The Arch of Constantine I, erected in c. 315 CE, stands in Rome and commemorates Roman Emperor Constantine’s victory over the Roman tyrant Maxentius on 28th October 312 CE at the battle of Milvian Bridge in Rome. It is the largest surviving Roman triumphal arch and the last great monument of Imperial Rome. The arch is also a tour de force of political propaganda, presenting Constantine as a living continuation of the most successful Roman emperors, renowned for their military victories and good government.
A Striking Monument
The arch was dedicated on 25th July 315 CE on the 10th anniversary of Constantine’s reign (Decennalia) and stood on Rome’s triumphal route. The monument is an imposing 21 metre high and 25.6 m wide rectangular block of grey and white Proconnesian marble consisting of three separate arches: one larger central arch with a shorter and narrower arch (fornix) on either side. All three arches express the same ratio of height and width. Dividing the arches are four detached Corinthian columns in Numidian yellow marble, each stood on a pedestal and topped with an entablature. Above the entablature, and as it were extending the columns, stand four pedestals, each carrying a statue representing a Dacian prisoner. Even more colour was provided through the use of purple-red porphry as a background for the sculpted Hadrianic Roundels, four on each façade, green porphry for the main entablature frieze, Carystian green for the statue pedestals and Phrygian purple for the statues themselves.
The block or ‘attic’ storey above the monument’s arches also presents sculpted panels and an inscription in Latin, a common feature of triumphal arches. The inscription, above the central arch, is a long one and is repeated on both sides of the arch. The letters would originally have been inlaid with gilded bronze. It reads:
IMP CAES FL CONSTANTINO MAXIMO
P F AUGUSTO SPQR
QUOD INSTINCTU DIVINITATIS MENTIS
MAGNITUDINE CUM EXERCITU SUO
TAM DE TYRANNO QUAM DE OMNI EIUS
FACTIONE UNO TEMPORE IUSTIS
REM PUBLICAM ULTUS EST ARMIS
ARCUM TRIUMPHIS INSIGNEM DICAVIT
To the emperor Flavius Constantine the Great
pious and fortunate, the Senate and People of Rome
because by divine inspiration and his own greatness of spirit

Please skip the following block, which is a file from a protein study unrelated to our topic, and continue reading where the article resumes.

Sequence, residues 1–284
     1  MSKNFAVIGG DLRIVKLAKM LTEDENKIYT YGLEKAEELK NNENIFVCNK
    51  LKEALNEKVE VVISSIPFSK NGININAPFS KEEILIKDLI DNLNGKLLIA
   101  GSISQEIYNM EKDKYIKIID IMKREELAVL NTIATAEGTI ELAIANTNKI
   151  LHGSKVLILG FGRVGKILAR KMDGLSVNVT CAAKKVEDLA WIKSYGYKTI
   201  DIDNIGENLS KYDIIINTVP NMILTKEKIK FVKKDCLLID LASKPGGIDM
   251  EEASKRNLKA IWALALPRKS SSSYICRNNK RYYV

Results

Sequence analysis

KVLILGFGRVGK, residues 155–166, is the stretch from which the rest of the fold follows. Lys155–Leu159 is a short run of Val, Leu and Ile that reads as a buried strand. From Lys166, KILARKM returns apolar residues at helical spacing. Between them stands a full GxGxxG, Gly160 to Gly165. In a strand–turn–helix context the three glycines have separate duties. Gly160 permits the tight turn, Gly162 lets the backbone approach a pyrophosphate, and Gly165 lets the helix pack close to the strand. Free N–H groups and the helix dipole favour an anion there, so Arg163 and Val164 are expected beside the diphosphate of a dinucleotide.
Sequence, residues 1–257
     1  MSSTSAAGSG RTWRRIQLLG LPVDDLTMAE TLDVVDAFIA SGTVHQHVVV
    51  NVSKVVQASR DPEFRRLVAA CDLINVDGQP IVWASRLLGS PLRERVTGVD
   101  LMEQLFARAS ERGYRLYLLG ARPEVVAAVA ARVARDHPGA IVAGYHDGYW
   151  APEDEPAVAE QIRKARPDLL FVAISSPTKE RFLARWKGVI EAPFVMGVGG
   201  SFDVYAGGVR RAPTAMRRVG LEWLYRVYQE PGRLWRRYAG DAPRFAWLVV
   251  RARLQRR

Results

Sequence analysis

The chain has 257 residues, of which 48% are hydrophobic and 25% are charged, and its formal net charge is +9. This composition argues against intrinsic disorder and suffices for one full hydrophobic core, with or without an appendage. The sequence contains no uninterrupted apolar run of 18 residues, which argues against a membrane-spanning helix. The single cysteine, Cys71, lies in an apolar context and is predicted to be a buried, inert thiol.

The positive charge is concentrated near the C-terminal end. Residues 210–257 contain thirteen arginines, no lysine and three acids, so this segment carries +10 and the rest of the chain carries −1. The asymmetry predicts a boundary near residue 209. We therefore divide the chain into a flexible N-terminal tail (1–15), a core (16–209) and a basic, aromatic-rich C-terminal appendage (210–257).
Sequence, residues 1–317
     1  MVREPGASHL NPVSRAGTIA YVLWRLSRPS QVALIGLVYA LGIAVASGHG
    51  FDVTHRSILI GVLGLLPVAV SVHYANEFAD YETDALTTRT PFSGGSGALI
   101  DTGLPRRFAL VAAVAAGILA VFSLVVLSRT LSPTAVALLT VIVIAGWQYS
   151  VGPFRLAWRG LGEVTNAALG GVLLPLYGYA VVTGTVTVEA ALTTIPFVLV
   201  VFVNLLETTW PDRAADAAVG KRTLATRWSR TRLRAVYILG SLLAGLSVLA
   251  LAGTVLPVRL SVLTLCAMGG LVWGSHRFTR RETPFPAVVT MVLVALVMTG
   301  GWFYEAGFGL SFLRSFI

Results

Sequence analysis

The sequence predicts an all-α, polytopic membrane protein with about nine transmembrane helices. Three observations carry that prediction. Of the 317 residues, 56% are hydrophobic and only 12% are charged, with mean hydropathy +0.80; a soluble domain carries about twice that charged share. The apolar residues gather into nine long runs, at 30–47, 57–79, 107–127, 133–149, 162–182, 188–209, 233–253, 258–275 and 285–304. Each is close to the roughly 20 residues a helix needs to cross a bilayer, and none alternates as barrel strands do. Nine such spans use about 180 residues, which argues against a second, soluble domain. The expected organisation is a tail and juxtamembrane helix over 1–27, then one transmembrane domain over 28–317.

with his army
on both the tyrant and all his
faction at once in rightful
battle he avenged the State
dedicated this arch as a mark of triumph.
The Arch is a huge conglomerate of imperial Roman sculpture as many parts of it were recycled from earlier 1st and 2nd century CE monuments, notably the Luna marble panels of the attic which were taken from the Arch of Marcus Aurelius (c. 176 CE). There are 8 (3x2 m) marble panels in total, four on each façade, showing scenes where the emperor, re-cut to resemble Constantine, is either at war (south side) or conducting his civic duties (north side).
Eight white Luna marble medallions (tondi) on the north and south façades are from a now lost monument (130-138 CE) in honour of Hadrian and each is 236 cm in diameter. Set in pairs, scenes they depict include a successful lion hunt, a boar hunt, a bear hunt, and sacrificial ceremonies in honour of Hercules, Apollo, Diana and Silvanus; all are carved in high relief.
The two inner central arch reliefs and the upper panel on each side of the arch are part of the Great Trajanic Frieze which was removed from the Basilica Ulpia in Trajan’s Forum. These were also altered to suit the purposes of the new monument and use white Pentelic marble. The first of the two frieze panels within the central arch depicts Trajan or Domitian on campaign riding a horse and charging barbarians but with the head once again re-worked to look more like Constantine. The second panel shows Constantine being crowned by Victory and flanked by two females possibly representing Honour (dressed as an Amazon) and Virtue (in armour).
The eight Corinthian columns were taken from a 1st century CE Flavian monument (now lost) and the Dacian prisoners standing above each of them were probably part of an unknown monument to Trajan.
The arch does however have sculpture made specifically for the monument. The frieze scenes situated below each pair of medallions are 1 m high and commemorate Constantine’s military victories showing the siege of Verona (south façade, left side), the battle with Maxentius (south façade, right side), a scene addressing the public in the Roman Forum (north façade, left side) and a gift-giving ceremony or largito (north façade, right side).
Other original sculpture includes river gods above the two smaller arches and two victories over the larger arch on both façades. Each column base also carries sculpture depicting winged victories holding palm fronds, Roman legionaries and captives. On each of the short sides of the monument there is a single round sculpture depicting the Sun (east side) and Moon (west side), both riding chariots. Below these is a frieze showing the entry into Rome (east) and departure from Milan (west).
The monument suffered in later times, becoming a part of a fortress under the Frangipane in the Middle Ages before being restored in the 15th century CE. In c. 1597 CE Pope Clement VIII removed one of the yellow marble columns to use in a doorway of the St John Lateran church, replacing it with a purple one. However, extensive cleaning in the early 21st century CE has restored the monument to some of its former glory so that it now stands proud besides its illustrious neighbour the Colosseum of Rome.